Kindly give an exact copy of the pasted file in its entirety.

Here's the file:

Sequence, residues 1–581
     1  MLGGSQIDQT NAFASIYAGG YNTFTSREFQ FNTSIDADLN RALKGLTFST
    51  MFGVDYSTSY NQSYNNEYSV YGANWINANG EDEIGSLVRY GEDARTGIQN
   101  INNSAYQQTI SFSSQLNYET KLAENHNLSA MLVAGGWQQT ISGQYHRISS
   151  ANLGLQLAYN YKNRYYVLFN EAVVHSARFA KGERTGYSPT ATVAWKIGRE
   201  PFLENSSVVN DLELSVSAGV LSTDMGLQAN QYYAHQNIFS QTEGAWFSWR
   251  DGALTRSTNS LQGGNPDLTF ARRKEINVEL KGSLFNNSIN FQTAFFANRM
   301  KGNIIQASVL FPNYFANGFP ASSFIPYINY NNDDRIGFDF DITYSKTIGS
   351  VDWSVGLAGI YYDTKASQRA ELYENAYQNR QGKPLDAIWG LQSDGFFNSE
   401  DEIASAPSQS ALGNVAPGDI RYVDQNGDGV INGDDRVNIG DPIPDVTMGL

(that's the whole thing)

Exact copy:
Sequence, residues 1–581
     1  MLGGSQIDQT NAFASIYAGG YNTFTSREFQ FNTSIDADLN RALKGLTFST
    51  MFGVDYSTSY NQSYNNEYSV YGANWINANG EDEIGSLVRY GEDARTGIQN
   101  INNSAYQQTI SFSSQLNYET KLAENHNLSA MLVAGGWQQT ISGQYHRISS
   151  ANLGLQLAYN YKNRYYVLFN EAVVHSARFA KGERTGYSPT ATVAWKIGRE
   201  PFLENSSVVN DLELSVSAGV LSTDMGLQAN QYYAHQNIFS QTEGAWFSWR
   251  DGALTRSTNS LQGGNPDLTF ARRKEINVEL KGSLFNNSIN FQTAFFANRM
   301  KGNIIQASVL FPNYFANGFP ASSFIPYINY NNDDRIGFDF DITYSKTIGS
   351  VDWSVGLAGI YYDTKASQRA ELYENAYQNR QGKPLDAIWG LQSDGFFNSE
   401  DEIASAPSQS ALGNVAPGDI RYVDQNGDGV INGDDRVNIG DPIPDVTMGL